Sunday, January 29, 2012

A Possible American Trollope: Louisa May Alcott

Some months ago I asked for suggestions of which novelist, if any, was the American equivalent of Anthony Trollope.  Most respondents thought there wasn't one.

I am now reading Little Women for the first time.  I see a strong moral similarity between Alcott's project and Trollope's. He draws on a broader social world.  On the whole I think he is the better writer. Still, Alcott seems to be engage in a similar project at the same time, and with comparable popularity.

I offer this idea for the consideration of my literary readers.


gruntled said...

For example, this bit is spoken by an editor of a sensational paper to Jo, the heroine, with an editorial comment by Alcott:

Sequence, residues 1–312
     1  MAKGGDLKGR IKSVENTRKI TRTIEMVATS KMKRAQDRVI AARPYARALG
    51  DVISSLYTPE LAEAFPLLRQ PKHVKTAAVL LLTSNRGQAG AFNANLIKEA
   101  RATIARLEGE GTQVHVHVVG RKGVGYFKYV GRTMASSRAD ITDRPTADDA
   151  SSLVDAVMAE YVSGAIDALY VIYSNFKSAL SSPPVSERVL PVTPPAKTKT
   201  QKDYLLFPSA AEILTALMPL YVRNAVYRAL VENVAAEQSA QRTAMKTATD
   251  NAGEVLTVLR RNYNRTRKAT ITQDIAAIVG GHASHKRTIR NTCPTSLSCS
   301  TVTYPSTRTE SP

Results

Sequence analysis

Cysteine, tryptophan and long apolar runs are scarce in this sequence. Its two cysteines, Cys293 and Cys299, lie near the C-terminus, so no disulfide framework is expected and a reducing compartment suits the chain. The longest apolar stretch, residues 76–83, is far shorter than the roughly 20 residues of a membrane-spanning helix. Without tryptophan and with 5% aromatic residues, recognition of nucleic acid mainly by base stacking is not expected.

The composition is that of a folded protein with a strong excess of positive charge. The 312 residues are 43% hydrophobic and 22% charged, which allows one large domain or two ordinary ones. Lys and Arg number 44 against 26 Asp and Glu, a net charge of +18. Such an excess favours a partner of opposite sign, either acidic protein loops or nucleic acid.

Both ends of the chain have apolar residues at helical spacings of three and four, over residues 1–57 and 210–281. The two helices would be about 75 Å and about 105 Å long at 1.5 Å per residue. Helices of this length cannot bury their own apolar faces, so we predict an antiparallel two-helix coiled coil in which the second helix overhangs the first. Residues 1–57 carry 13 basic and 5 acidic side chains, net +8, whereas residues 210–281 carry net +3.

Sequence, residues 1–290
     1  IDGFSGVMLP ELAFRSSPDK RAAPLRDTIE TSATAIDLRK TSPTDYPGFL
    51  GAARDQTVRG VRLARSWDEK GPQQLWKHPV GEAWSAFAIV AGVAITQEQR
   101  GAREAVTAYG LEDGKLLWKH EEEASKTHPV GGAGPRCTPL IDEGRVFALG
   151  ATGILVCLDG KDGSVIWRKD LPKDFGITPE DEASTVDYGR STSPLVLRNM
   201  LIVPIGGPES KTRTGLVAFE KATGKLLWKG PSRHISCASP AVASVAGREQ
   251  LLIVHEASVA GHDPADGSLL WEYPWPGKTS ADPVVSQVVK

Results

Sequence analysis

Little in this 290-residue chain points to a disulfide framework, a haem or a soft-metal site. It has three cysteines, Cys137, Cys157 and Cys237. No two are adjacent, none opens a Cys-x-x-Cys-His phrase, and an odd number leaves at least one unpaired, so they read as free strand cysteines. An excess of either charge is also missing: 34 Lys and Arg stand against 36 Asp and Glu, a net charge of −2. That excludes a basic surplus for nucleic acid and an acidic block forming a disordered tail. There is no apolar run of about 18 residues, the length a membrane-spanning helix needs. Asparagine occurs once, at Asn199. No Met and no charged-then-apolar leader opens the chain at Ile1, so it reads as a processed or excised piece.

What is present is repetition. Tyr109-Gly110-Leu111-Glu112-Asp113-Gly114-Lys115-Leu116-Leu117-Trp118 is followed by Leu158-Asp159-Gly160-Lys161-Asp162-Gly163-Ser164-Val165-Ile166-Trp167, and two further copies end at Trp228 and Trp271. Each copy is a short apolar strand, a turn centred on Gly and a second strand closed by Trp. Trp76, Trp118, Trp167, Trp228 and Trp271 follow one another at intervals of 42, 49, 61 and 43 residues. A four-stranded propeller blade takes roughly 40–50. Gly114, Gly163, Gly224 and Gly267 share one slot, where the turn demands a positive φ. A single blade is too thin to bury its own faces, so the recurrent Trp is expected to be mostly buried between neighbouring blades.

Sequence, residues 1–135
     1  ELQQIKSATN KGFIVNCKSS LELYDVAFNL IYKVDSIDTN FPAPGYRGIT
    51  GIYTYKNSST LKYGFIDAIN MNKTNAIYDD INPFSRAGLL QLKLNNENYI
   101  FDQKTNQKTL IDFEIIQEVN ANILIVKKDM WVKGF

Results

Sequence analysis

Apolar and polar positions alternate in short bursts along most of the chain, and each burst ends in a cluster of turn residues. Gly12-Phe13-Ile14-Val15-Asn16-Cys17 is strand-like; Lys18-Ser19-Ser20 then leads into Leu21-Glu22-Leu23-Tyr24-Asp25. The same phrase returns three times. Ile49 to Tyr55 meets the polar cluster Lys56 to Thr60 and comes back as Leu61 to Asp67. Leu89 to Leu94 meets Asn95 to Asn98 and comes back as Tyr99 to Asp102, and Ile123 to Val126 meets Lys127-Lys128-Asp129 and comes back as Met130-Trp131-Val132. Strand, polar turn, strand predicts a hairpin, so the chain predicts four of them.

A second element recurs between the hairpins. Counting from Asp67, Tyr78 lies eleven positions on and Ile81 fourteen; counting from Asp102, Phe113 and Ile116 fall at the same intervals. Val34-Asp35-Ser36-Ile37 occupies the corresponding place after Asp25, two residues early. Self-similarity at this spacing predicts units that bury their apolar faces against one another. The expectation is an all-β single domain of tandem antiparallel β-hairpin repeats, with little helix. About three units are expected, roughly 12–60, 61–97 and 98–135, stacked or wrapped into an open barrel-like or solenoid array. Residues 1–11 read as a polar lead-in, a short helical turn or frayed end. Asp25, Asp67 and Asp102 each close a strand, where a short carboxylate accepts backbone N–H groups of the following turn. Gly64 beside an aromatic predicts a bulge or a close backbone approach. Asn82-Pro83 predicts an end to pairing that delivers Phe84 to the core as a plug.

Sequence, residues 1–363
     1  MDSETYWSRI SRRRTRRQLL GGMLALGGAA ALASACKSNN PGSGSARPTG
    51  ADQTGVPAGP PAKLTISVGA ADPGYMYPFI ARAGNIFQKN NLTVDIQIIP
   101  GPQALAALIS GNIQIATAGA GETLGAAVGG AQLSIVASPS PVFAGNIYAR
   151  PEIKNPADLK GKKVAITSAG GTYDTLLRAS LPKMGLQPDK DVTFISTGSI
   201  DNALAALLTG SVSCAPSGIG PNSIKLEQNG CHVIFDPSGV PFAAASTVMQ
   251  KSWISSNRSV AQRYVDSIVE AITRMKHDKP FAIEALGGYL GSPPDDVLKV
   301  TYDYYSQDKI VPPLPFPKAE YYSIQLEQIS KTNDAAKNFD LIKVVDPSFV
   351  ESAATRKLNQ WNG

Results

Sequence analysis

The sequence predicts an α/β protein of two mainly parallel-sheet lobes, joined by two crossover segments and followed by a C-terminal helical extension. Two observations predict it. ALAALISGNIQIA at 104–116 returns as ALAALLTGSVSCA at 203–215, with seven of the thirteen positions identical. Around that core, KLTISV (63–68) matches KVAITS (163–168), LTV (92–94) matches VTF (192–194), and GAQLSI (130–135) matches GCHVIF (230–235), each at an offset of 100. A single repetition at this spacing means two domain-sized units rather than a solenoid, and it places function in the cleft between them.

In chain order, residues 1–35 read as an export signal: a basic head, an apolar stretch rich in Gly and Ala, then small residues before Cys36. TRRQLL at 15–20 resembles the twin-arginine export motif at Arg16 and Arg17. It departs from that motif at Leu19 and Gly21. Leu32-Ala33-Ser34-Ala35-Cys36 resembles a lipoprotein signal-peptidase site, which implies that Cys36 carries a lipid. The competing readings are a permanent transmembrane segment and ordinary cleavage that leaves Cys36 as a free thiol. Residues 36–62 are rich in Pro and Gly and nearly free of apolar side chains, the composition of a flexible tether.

"'People want to be amused, not preached at, you know. Morals don't sell nowadays;' which was not quite a correct statement, by the way."

Sister Edith Bogue said...

Our college library is asking faculty to name five books (+ one desert island book) that were had been influential in their lives. Little Women was one of the five that I named - for its profound effect on me as a youngster. Growing up in an atheist family, it was my first encounter with living from a stance of principles and faith. I don't think the English Department people find it very interesting, but sometimes endurance is also a measure of quality.

Diane M said...

I love Alcott, but only like Trollope. I don't think you can compare them, though, as she was writing children's literature. The genres are too different.

gruntled said...

I don't think Little Women is inherently children's literature, any more than Barchester Towers is not. Both are attempting to portray realistic moral communities. The age of the protagonists is secondary, and the age of their likely readers is, too.